As the world grapples with the devastating economic and social consequences of the COVID-19 crisis, the UN’s labour agency launched ILO Green Week to explore what a green future of work could look like, and how we can get there.
The International Labour Organization event highlighted how a just transition towards environmentally sustainable economies and societies can take place while also addressing the imperatives of decent work.
For a sustainable future, the UN agency stressed the need for a “strong social consensus” on the goals and pathways to move forward, maintaining that social dialogue must be an integral part of institutional frameworks for policymakers, with the inclusion of workers and employers being critical for an equitable transition at all levels.
If we want to advocate for people and planet, #GreenJobs are key. For @ilo‘s #ILOGreenWeek join innovators, experts and environmental leaders from around the globe to explore what a green future of work could look like, and how we can get there🌱
— UNDP Geneva (@UNDPGeneva) April 21, 2021
“Working together, Governments, workers’ and employers’ organizations can jump-start a just transition to a sustainable future, today”, said ILO.
Africa’s Sustainable revolution
Although Africa generates a low share of global carbon emissions, the continent is highly vulnerable to climate change.
According to ILO, global warming and heat stress will lead to the loss of nearly five per cent of total working hours in western Africa alone – equivalent to losing nine million full-time jobs.
Climate vulnerability could also reduce yields from rain-fed agriculture, affecting millions of jobs and livelihoods.
Rich in minerals, such as lithium, nickel, cobalt, copper and iron – needed for electric vehicles and machinery, the continent has all the elements needed to “win the battle against climate change”, along with the potential to generate some two million additional jobs, ILO said.
Africa is home to the Congo Basin, the world’s second largest rain forest, which absorbs significant amounts of global carbon dioxide emissions caused by human activity and possess 60 per cent of the world’s arable land, which, the UN agency pointed out “could drive a new green, sustainable agricultural revolution”.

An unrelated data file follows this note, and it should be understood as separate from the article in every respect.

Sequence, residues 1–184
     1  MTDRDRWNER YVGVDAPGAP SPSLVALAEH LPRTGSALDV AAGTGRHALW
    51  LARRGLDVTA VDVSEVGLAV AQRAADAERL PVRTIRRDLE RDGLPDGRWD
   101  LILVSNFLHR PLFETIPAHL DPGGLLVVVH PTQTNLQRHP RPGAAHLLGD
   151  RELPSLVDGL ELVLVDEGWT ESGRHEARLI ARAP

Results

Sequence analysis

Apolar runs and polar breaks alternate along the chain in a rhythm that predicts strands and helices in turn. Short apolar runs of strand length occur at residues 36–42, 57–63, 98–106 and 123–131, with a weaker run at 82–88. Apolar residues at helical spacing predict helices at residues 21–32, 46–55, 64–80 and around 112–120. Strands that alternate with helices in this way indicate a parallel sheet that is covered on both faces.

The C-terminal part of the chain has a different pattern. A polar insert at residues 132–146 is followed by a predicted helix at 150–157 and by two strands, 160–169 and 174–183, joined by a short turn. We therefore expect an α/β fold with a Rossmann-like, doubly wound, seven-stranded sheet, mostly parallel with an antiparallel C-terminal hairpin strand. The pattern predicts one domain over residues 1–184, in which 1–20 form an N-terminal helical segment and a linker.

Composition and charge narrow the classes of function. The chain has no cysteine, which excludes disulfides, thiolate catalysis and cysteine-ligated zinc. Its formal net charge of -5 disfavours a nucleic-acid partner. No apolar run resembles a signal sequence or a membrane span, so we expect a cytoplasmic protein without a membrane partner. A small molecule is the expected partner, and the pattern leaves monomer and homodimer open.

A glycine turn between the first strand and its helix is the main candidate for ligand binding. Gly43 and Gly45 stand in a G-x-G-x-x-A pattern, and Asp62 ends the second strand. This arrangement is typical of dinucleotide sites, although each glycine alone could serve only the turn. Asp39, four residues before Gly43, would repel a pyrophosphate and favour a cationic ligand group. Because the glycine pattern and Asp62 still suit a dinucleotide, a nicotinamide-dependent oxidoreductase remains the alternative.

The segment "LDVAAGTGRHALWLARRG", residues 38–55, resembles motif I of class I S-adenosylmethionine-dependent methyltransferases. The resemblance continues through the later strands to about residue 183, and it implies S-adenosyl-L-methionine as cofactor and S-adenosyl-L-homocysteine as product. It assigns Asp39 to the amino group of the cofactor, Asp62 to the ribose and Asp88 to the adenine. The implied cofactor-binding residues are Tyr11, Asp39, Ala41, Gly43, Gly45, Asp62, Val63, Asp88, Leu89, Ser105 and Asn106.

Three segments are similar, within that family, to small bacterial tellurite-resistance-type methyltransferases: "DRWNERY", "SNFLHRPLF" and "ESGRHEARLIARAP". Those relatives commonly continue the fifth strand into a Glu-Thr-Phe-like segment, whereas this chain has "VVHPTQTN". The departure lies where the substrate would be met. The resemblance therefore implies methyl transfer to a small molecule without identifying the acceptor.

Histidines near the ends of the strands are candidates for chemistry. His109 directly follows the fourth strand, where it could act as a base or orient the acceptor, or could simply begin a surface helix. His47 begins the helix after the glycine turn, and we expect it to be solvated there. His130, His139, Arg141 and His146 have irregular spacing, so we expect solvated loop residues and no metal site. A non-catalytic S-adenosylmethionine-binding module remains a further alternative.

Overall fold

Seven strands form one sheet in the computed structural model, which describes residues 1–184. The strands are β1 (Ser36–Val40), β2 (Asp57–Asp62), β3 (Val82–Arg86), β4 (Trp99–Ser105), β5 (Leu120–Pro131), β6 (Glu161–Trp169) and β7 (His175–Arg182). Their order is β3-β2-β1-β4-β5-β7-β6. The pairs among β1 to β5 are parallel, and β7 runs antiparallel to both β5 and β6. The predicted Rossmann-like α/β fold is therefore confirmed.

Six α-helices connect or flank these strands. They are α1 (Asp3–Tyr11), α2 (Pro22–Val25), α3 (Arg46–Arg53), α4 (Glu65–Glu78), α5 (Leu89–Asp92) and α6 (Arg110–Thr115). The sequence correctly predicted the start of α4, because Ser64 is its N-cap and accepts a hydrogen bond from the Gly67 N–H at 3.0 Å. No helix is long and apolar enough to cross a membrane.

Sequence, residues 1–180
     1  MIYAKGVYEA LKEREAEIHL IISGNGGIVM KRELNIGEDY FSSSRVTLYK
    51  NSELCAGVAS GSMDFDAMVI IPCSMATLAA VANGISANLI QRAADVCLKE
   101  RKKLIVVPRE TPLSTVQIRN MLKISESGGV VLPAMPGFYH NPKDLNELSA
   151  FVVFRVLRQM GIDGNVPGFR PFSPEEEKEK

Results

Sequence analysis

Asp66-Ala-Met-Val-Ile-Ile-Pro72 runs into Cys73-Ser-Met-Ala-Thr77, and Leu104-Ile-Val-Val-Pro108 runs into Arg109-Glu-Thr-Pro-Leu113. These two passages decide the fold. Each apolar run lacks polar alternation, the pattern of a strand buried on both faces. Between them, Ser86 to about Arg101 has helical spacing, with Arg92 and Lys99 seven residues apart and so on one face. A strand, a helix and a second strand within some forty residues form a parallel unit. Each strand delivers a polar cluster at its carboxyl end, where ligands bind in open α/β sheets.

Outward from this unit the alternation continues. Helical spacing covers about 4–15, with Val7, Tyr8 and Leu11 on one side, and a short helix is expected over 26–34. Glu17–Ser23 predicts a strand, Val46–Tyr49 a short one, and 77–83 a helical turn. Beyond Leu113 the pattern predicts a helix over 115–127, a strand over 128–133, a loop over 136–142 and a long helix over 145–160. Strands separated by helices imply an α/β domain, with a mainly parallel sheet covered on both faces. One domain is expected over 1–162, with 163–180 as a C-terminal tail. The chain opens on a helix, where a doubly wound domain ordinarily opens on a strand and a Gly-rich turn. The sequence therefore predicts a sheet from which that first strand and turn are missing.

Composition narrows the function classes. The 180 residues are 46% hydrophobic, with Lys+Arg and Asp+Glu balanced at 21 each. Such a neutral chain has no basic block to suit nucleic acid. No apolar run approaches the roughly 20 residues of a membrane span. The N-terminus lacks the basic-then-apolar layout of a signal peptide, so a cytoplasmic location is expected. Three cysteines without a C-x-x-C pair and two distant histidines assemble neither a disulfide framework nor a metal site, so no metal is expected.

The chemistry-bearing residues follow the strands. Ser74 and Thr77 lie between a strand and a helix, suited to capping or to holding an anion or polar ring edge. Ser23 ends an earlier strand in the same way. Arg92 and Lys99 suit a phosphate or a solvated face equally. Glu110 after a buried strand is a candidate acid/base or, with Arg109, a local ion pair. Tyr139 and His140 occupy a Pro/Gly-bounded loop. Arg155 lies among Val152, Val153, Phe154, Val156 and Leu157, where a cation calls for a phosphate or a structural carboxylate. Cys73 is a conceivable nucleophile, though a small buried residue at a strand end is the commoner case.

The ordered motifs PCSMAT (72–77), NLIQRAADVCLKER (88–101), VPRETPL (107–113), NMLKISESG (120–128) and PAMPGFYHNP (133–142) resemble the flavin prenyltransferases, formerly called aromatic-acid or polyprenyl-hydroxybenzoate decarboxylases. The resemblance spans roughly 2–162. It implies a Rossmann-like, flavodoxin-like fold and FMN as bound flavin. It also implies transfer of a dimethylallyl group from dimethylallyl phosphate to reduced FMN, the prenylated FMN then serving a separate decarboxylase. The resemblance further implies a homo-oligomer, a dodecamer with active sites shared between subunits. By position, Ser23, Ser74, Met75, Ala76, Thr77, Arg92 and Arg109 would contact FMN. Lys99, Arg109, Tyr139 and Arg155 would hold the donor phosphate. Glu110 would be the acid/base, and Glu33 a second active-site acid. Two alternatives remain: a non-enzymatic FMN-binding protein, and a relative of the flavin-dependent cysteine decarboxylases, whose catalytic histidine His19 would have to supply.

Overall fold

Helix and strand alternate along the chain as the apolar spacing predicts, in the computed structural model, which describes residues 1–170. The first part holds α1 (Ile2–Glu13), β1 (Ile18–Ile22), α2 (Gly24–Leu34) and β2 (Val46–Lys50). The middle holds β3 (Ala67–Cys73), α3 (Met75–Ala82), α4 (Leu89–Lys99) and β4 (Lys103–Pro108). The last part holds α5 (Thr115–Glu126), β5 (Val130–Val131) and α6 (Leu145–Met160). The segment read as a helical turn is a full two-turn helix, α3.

Moreover, it is home to the Great Green Wall – the world’s largest solar power station, located in the Moroccan desert – and has the potential to use its ocean resources for sustainable economic development.
“With assets like these, Africa can have a more sustainable future, with more and better jobs”, ILO said, while also cautioning that as a leading producer of oil, coal and natural gas, it must end its dependence on fossil fuels, which could lead to the loss of some two million jobs.
In the context of Green Week and this year’s Earth Day, ILO and its partners hosted a regional launch of the Climate Action for Jobs Initiative to showcase how jobs feature at the heart of global action to protect the environment and promote climate-neutral and climate-resilient economies and societies.
Countries need to adopt clear and comprehensive policies that address income and job losses, skills and enterprise development, and labour mobility to achieve a “human-centred future of work in Africa”, said ILO.
With its young and dynamic population, vast natural resources, and political and social engagement, the UN agency upheld that “Africa offers solutions to the world”.
“There is indeed an urgent need to put African young people and women as agents of change, to drive innovation and green job creation”, Cynthisa Samuel-Olonjuwon, ILO Assistant Director-General and Regional Director for Africa, said at the event.